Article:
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What’s Better – Loving Yourself or Loving Others?

photo: Joris Louwes

photo: Joris Louwes

Have you ever had someone tell you: “You can’t love anyone until you learn to love yourself”?

And did you want to strangle the person who told you that?

Though that wouldn’t be very loving, would it?

Yes, it’s true that if we don’t love ourselves, it’s difficult to love anyone else, but this is easier said than done.

Why is it important that we love ourselves? And why can’t we start with loving others first?

photo: Harry Nguyen on flickr

photo: Harry Nguyen on flickr

Take the Buddhists, for example. In the Buddhist tradition, they talk about the importance of cultivating compassion for others as a spiritual practice. In other words, they start with loving others first.

Back when I was in ministerial school at Holmes Institute, I took a course in Buddhism. The teacher was B. Alan Wallace, an expert on Tibetan Buddhism. At one point, he told a fascinating story about this issue of self love and spiritual practice.

In 1990, Wallace was at a conference with the Dalai Lama and a bunch of other folks – monks, psychologists, and neuroscientists. The theme of the conference was the role of the mind and emotions in healing.

photo: Wonderlane on flickr

photo: Wonderlane on flickr

A well-known Western Buddhist teacher, Sharon Salzberg, posed a question to the Dalai Lama.

It was a version of the question I posed at the top of this blog: Is it better to start our spiritual practice with loving ourselves or loving others? 

Salzberg stated that she was coming from a tradition where students first learn to cultivate compassion for themselves, and then turn this compassion toward others. She said many of her students suffer from a lack of self worth. They don’t think they’re worthy of happiness. So that’s why she starts them focusing on self love.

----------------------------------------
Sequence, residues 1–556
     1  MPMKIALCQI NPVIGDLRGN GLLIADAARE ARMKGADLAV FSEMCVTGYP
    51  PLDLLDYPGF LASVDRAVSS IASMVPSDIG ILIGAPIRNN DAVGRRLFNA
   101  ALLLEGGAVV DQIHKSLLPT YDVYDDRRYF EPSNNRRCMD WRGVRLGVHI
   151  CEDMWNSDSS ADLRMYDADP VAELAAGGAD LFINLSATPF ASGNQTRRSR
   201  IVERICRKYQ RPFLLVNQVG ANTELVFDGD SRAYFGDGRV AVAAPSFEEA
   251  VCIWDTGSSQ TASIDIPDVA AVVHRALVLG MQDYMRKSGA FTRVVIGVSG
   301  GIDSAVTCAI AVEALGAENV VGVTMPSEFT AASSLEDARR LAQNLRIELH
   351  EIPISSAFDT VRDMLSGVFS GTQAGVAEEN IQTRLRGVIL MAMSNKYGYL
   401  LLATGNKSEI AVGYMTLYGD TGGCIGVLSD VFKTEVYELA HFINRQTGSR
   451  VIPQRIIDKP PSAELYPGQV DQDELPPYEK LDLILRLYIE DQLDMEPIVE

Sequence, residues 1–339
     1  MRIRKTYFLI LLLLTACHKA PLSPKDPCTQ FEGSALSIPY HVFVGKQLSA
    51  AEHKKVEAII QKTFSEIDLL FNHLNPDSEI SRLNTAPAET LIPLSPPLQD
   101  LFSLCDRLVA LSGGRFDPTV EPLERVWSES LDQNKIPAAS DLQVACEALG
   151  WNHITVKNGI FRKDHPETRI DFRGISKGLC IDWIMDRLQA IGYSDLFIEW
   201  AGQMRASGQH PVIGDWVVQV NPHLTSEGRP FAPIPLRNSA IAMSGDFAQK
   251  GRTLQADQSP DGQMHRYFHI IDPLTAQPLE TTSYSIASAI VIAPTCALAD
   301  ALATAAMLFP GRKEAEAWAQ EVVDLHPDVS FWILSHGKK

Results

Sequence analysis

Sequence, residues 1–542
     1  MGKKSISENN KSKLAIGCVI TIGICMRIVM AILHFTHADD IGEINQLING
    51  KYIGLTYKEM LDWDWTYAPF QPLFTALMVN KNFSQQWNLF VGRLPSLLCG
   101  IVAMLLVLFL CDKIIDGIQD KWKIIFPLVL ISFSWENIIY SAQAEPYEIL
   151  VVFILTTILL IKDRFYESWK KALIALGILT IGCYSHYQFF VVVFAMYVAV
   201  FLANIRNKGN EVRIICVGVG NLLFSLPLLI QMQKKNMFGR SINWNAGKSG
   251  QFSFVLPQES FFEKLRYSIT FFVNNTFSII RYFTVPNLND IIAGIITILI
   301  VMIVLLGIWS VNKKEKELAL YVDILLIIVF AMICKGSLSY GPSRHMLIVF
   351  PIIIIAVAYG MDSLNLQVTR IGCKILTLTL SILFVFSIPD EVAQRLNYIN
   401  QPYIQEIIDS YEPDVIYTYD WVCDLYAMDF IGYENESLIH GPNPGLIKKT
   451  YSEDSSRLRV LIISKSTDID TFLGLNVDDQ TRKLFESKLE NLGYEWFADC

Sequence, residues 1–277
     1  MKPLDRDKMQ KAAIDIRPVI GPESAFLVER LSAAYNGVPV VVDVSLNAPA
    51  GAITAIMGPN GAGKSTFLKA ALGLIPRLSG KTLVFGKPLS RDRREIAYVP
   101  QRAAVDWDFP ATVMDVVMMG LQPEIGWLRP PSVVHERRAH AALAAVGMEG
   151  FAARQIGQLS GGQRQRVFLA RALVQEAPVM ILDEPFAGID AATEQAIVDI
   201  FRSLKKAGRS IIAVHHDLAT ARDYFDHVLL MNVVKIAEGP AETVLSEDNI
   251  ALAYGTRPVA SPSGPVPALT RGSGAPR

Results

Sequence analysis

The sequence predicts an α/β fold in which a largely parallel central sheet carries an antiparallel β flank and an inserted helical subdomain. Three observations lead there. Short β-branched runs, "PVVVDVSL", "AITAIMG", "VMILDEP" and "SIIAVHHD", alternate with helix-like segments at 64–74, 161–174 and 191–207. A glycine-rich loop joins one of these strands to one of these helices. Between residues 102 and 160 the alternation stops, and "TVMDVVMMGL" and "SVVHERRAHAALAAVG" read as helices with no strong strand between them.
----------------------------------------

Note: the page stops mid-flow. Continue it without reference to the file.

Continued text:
But she wondered if this might be a covert form of narcissism. She wondered if the Dalai Lama, coming from the Tibetan Buddhist tradition, might view this Western practice as unskillful or even dangerous.

And the most amazing thing happened.

The Dalai Lama had no idea what she was talking about. I mean, he knew she was talking about Buddhist practice. He is Mr. Awesome Buddha Guy, after all.

photo: abhikrama on flickr

photo: abhikrama on flickr

But he didn’t understand the self-hatred piece.

He asked the participants in the conference, all Westerners, if they experienced self-hatred and self-contempt. Every hand went up.

He then consulted the Tibetan monks who were with him, most of whom didn’t speak English. They don’t even have a word for “guilt” in the Tibetan language. They could not relate to the concept at all.

The Dalai Lama then turned back to Salzberg and said – Yes, given the self-hatred you Westerners are carrying, starting your practice with compassion toward the self would be an excellent thing. A most excellent way to begin.

I loved this story. And I have to say, I found it a bit of a relief.

I have often wondered the same thing as Salzberg. Is it really okay to direct love and affection toward the self? Couldn’t this be a trap – a hard-core belly-button self-absorption?

photo: Georgio on flickr

photo: Georgio on flickr

But even those questions, in and of themselves, speak to a view that is based in self-contempt. Or at least a suspicion of any practice that might – God forbid – leave us feeling good about ourselves.

But the Dalai Lama gave the practice of self-compassion a thumbs up!

And I, for one, can speak to the power of turning a loving and accepting gaze on myself. Not in a show-offy, better-than-others way. Instead, such practice generates a kindness and compassion based on true spiritual sight.